|Publication number||US6508480 B2|
|Application number||US 09/865,938|
|Publication date||Jan 21, 2003|
|Filing date||May 25, 2001|
|Priority date||May 25, 2001|
|Also published as||US20020175017|
|Publication number||09865938, 865938, US 6508480 B2, US 6508480B2, US-B2-6508480, US6508480 B2, US6508480B2|
|Inventors||Ronald G. Smith, Jr., Michael L. Oliver, William C. Kruckemeyer, Troy A. Miller|
|Original Assignee||Delphi Technologies, Inc.|
|Export Citation||BiBTeX, EndNote, RefMan|
|Patent Citations (5), Non-Patent Citations (1), Referenced by (15), Classifications (11), Legal Events (7)|
|External Links: USPTO, USPTO Assignment, Espacenet|
This invention relates to power steering systems for automotive vehicles and, more particularly, to a damping system for a rack and pinion power steering system in an automotive vehicle.
Steering systems on vehicles equipped with a rack and pinion-type steering frequently experience high speed steering wheel shake. Such high speed shake of the steering wheel is detrimental to the feel of the steering to the driver of the vehicle. Prior attempts to reduce or eliminate such high speed shake or vibrations have proven unsuccessful. More particularly, the conventional means of attenuating high speed shake are ineffective on vehicles with rack and pinion-type steering systems. The primary reasons that earlier attempts to reduce or eliminate high speed shake and vibrations of this type have not been effective for rack and pinion-type steering systems are due to the mounting and frequency requirements for such systems.
Previously, linear dampers have been used to dampen steering wheel oscillations or vibrations. Linear dampers are commonly effective on larger vehicles, which have large displacement steering systems, because the linear damper devices focus on the steering system velocity. Rack and pinion-type steering systems typically have a high frequency and yet low amplitude vibration or shake, and linear dampers are not adequately suited to address vibrations of this type. The low amplitude vibration does not provide sufficient velocity for the linear damper to operate effectively.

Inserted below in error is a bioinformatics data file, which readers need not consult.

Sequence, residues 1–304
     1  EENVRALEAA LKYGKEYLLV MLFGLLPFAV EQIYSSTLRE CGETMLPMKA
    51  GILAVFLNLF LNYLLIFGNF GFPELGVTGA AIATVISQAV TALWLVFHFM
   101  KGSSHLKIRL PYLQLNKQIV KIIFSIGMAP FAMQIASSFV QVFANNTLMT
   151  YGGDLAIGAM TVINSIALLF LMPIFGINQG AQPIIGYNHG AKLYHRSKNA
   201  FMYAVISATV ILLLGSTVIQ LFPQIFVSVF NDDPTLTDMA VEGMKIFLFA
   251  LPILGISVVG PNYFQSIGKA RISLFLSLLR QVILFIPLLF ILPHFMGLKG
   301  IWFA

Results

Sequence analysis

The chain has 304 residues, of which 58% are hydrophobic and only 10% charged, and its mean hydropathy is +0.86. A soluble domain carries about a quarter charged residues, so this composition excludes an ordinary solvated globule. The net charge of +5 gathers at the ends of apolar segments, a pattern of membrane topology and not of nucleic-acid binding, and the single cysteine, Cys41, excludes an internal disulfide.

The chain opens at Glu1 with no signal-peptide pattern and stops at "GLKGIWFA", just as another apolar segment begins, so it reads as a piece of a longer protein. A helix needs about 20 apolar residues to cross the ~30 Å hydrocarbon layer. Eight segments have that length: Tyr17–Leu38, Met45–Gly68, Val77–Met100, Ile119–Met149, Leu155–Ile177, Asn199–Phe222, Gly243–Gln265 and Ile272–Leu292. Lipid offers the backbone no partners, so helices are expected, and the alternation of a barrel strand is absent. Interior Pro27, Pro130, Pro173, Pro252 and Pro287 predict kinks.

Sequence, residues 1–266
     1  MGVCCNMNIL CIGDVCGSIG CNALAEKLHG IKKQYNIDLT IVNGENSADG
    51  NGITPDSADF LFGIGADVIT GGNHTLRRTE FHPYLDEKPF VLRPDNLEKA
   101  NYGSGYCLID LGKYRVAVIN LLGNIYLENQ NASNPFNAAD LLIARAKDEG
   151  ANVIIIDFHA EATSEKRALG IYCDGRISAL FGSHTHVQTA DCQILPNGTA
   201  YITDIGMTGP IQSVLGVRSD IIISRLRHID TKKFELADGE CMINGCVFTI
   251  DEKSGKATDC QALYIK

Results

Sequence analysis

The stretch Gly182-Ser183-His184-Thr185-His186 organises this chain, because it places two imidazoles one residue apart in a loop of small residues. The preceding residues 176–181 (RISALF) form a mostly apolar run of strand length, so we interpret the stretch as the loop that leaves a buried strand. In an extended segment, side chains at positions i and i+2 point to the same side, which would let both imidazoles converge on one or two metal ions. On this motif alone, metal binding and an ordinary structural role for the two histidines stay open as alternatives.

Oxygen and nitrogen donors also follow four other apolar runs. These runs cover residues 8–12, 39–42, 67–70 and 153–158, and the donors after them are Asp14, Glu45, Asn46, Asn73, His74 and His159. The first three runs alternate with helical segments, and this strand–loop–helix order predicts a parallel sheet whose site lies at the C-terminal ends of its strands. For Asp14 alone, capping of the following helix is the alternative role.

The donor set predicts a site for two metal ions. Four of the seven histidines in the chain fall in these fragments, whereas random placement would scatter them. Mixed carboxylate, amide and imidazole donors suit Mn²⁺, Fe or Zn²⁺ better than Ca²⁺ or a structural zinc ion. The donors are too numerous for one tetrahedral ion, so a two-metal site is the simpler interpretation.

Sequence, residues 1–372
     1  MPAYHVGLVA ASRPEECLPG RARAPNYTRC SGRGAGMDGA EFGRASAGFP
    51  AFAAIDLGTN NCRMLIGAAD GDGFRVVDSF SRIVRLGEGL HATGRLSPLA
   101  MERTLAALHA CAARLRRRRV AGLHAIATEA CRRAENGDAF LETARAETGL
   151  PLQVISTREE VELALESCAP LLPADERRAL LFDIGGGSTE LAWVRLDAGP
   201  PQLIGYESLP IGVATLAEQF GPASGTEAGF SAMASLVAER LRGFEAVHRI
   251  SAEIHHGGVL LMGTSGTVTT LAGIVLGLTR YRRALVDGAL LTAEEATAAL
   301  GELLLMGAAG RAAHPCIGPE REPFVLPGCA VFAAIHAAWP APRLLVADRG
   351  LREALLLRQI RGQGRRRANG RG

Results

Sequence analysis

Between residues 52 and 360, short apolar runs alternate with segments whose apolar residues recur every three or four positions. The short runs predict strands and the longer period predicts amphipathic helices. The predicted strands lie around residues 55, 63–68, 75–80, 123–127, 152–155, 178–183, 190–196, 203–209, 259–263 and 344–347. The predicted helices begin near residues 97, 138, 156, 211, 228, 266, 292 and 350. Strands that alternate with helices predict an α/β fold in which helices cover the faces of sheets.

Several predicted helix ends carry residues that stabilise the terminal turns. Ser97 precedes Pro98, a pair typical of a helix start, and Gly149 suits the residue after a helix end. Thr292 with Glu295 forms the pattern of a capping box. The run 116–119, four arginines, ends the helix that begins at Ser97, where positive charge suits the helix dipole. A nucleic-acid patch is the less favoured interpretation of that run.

Other devices which have been used to address high speed steering wheel shake include constant friction-type interfaces. However, such devices have also proven to be unacceptable for rack and pinion-type steering systems because the feel and the return-to-center characteristics of the steering system are detrimentally impacted or destroyed with constant friction-type interfaces.
Therefore, a need exists for a damping system for high speed shake and vibrations of high frequency and low amplitude in rack and pinion-type steering systems while still providing good responsive feeling to the steering wheel and return-to-center characteristics.
This invention addresses the above-described objectives and other objectives associated with vehicle rack and pinion-type steering systems. Specifically, the invention reduces high speed shake by transferring the energy of the motion to a stationary member, such as a rack and pinion housing, a frame, or other solid member associated with the automotive vehicle or steering system. To that end, the present invention links the steering system to the solid, stationary member when the steering wheel is not being turned.
In one embodiment of the invention, the vehicle steering system comprises a steering wheel and a steering shaft which is coupled between the steering wheel and wheels of the vehicle to turn the vehicle wheels when the steering wheel is turned. The vibration damping system which absorbs vibrations in the steering wheel and steering shaft comprises a rotor which is coupled to the steering shaft to rotate with the shaft when the steering wheel is turned. A rigid case surrounds the rotor and a clutch surface is positioned proximate the rotor. When the steering wheel is not being turned, such as to steer the vehicle, the rotor is operable to engage the clutch surface and thereby vibrationally couple the steering column to the case to absorb vibrations in the column. The case may be coupled to some other solid part of the vehicle for dissipating the vibrations. The rotor is further operable, when a magnetic flux is generated therein, to disengage the clutch surface so that the steering column may more freely rotate for turning the vehicle. A magnetic circuit is utilized for selectively generating a magnetic flux in the rotor when the vehicle is to be steered.